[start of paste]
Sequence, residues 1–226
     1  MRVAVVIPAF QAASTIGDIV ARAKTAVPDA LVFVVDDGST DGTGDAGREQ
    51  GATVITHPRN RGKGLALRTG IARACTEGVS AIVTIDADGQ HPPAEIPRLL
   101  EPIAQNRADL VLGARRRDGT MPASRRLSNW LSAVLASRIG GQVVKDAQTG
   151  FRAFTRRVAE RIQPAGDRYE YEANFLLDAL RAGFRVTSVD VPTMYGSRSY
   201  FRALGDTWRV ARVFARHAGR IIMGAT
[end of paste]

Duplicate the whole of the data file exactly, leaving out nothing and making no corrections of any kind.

Sequence, residues 1–226
     1  MRVAVVIPAF QAASTIGDIV ARAKTAVPDA LVFVVDDGST DGTGDAGREQ
    51  GATVITHPRN RGKGLALRTG IARACTEGVS AIVTIDADGQ HPPAEIPRLL
   101  EPIAQNRADL VLGARRRDGT MPASRRLSNW LSAVLASRIG GQVVKDAQTG
   151  FRAFTRRVAE RIQPAGDRYE YEANFLLDAL RAGFRVTSVD VPTMYGSRSY
   201  FRALGDTWRV ARVFARHAGR IIMGAT